17 March—Evensong for the Feast of Patrick, Bishop and Missionary of Ireland, 461
Below is a DRAFT text of the homily. It may vary considerably from the recorded version. Please excuse typos and grammatical errors, and do not cite without permission.
“Go therefore and make disciples of all nations…”
Words that have inspired (and terrified) people for millennia.
With two thousand years of Christian missionizing in our history…and so much of it bound up with—and inextricably linked to—far too many forms of western imperialism…this command is fraught for many of us. Also given the history of western missions, it is difficult to imagine what Patrick actually did.
There are many, many legends about Patrick, that I’m sure you are familiar with them—the shamrock, the snakes, the stick that turned into a tree—and some scant actual records.
The broad outlines of his story are known. He lived during the late 4th and early 5th centuries. His missionary arrival in Ireland is said to be 432. These were decades of tremendous upheaval in the Roman Empire…tribes from northern and eastern Europe and Asia were invading, and the Empire was shifting its center of gravity from eastward, and many things were in flux.
Patrick was probably born to an aristocratic Christian family in Roman occupied Britain (England). He was captured by Celtic pirates and enslaved in Ireland for six years. He escaped and may have gone to the Continent, to study in monasteries there, then back to England, where he was ordained a priest. He had a vision of a man from Ireland coming to him and appealing to him, “holy servant boy, come and walk among us,” which he did. Many of the legends paint him as a solitary, martial figure, contesting with druids, and kings, overthrowing idols; but more likely, he arrived in Ireland with an “‘apostolic team,’ of priests, seminarians, lay men and women,” [Hunter, The Celtic Way of Evangelism p. 3], and together with these stalwarts he began his missionary work.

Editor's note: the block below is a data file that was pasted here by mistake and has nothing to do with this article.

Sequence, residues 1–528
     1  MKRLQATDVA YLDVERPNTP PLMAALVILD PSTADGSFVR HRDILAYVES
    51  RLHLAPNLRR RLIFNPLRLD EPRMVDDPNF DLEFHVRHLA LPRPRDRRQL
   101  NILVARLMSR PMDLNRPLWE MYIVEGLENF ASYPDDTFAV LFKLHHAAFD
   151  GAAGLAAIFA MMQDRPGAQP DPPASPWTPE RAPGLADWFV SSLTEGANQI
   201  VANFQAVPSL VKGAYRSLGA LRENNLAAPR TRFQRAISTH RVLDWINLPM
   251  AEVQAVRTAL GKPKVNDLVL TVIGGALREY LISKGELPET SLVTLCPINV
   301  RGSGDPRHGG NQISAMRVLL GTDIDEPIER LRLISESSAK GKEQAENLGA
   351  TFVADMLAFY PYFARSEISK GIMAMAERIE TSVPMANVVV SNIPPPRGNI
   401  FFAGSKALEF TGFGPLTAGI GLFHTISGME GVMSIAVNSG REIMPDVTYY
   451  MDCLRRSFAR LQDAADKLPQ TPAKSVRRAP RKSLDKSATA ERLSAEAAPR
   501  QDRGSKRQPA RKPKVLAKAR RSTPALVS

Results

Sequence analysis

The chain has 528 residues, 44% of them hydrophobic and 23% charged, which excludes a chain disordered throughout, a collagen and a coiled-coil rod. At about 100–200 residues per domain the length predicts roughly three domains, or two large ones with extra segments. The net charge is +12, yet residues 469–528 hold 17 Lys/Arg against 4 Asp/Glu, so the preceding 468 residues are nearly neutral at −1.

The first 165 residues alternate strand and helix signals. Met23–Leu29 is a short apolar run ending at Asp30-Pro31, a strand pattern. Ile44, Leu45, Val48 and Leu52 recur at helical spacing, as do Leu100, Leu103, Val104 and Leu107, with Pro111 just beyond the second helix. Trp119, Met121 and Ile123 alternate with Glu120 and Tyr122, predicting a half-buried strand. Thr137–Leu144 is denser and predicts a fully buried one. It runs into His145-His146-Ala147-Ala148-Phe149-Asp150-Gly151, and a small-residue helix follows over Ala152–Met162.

And what did they do?
Once Christianity became the official religion of the Roman Empire, the great commission—to “go and make disciples of all nations” —was interpreted to mean “Christianize and civilize.” The only question being, which comes first? Do you have to civilize people in order to evangelize them? Or do you simply force Christianity on them and trust that this knowledge will increase a desire for civilization? Western history is haunted by the souls of indigenous peoples around the world who have been forced into slavery, their lands stolen, their languages rooted out and destroyed all in the name of civilizing and evangelizing.
The Romans believed that some civilizing had to come first (meaning, you had to learn Latin, adopt Roman customs—be like them in order to be civilized and believe in their God). But by the fourth century, the Roman church had given up trying to evangelize anyone outside the Roman world. They were too busy hanging on to what they had, and Patrick’s mission was probably widely regarded as impossible.
And if Patrick had followed a standard Roman, Imperial model, it may have been impossible. If he had gone in teaching Latin, establishing churches that did things the Roman way, and generally tried to make the Irish “just like the Romans,” it would have failed. But this is not what Patrick did.